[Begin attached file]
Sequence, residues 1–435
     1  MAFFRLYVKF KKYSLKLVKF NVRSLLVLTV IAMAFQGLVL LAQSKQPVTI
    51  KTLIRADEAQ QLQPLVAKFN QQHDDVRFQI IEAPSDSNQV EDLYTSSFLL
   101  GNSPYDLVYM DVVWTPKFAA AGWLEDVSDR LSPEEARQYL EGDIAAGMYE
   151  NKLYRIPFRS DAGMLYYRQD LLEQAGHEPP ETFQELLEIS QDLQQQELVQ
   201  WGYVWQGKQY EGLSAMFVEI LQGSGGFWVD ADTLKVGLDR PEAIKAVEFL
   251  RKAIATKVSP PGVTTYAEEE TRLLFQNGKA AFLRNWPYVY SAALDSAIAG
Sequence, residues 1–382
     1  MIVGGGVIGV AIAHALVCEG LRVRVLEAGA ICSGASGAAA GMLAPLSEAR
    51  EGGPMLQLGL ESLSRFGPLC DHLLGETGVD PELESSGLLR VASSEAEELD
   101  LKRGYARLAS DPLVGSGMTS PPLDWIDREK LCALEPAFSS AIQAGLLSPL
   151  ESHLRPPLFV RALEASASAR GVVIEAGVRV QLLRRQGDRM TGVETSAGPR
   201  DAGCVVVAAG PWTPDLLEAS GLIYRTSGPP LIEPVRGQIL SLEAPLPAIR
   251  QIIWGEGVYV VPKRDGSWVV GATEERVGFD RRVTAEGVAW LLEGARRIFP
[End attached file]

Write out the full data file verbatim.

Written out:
Sequence, residues 1–435
     1  MAFFRLYVKF KKYSLKLVKF NVRSLLVLTV IAMAFQGLVL LAQSKQPVTI
    51  KTLIRADEAQ QLQPLVAKFN QQHDDVRFQI IEAPSDSNQV EDLYTSSFLL
   101  GNSPYDLVYM DVVWTPKFAA AGWLEDVSDR LSPEEARQYL EGDIAAGMYE
   151  NKLYRIPFRS DAGMLYYRQD LLEQAGHEPP ETFQELLEIS QDLQQQELVQ
   201  WGYVWQGKQY EGLSAMFVEI LQGSGGFWVD ADTLKVGLDR PEAIKAVEFL
   251  RKAIATKVSP PGVTTYAEEE TRLLFQNGKA AFLRNWPYVY SAALDSAIAG
Sequence, residues 1–382
     1  MIVGGGVIGV AIAHALVCEG LRVRVLEAGA ICSGASGAAA GMLAPLSEAR
    51  EGGPMLQLGL ESLSRFGPLC DHLLGETGVD PELESSGLLR VASSEAEELD
   101  LKRGYARLAS DPLVGSGMTS PPLDWIDREK LCALEPAFSS AIQAGLLSPL
   151  ESHLRPPLFV RALEASASAR GVVIEAGVRV QLLRRQGDRM TGVETSAGPR
   201  DAGCVVVAAG PWTPDLLEAS GLIYRTSGPP LIEPVRGQIL SLEAPLPAIR
   251  QIIWGEGVYV VPKRDGSWVV GATEERVGFD RRVTAEGVAW LLEGARRIFP